Currently the IExpander can only expand a complete block at a time. This isn't very good for decompressing rows since it means the whole block of rows must be decompressed before any rows can be created.
That uses a larger block of memory when smaller blocks could do.
It will lead to large blocks being reallocated on the heap.
You could either allow expansion to be staged - e.g., expand x bytes. Or you could have a new kind of row deserializer which was fed the bytes as they were generated, and used them to create rows.
Expanding in stages is probably less efficient than complete expansion (because internal state would need to be saved), but is likely to be worth it if the number of bytes expanded each time is still reasonably large so the overhead is minimized.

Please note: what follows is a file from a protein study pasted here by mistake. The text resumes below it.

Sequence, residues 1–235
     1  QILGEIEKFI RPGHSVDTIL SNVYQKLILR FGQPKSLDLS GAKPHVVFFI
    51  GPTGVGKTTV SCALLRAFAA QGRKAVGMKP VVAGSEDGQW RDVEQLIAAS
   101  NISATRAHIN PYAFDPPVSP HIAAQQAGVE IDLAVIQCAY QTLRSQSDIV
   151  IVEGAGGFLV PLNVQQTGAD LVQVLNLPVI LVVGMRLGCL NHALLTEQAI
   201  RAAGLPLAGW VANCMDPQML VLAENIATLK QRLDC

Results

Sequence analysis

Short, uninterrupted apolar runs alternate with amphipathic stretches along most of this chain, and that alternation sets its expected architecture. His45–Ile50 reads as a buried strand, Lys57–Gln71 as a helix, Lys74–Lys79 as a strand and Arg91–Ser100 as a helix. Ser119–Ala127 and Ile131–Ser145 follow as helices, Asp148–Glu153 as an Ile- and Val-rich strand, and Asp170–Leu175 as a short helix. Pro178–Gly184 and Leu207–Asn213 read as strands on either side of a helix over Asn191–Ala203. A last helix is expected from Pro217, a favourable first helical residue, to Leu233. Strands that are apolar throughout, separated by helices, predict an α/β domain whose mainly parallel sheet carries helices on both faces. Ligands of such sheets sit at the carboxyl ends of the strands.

A new deserializer would be a bit tricky (but interesting), and would probably need to receive blocks of bytes to be relatively efficient. State would need to be saved in the deserializer. On reflection though, it may have little benefit over the partial expansion scheme - which would also have the advantage of being able to simply create rows on demand, so I would go with the simpler partial expansion implementation.
Jake Smith a good idea?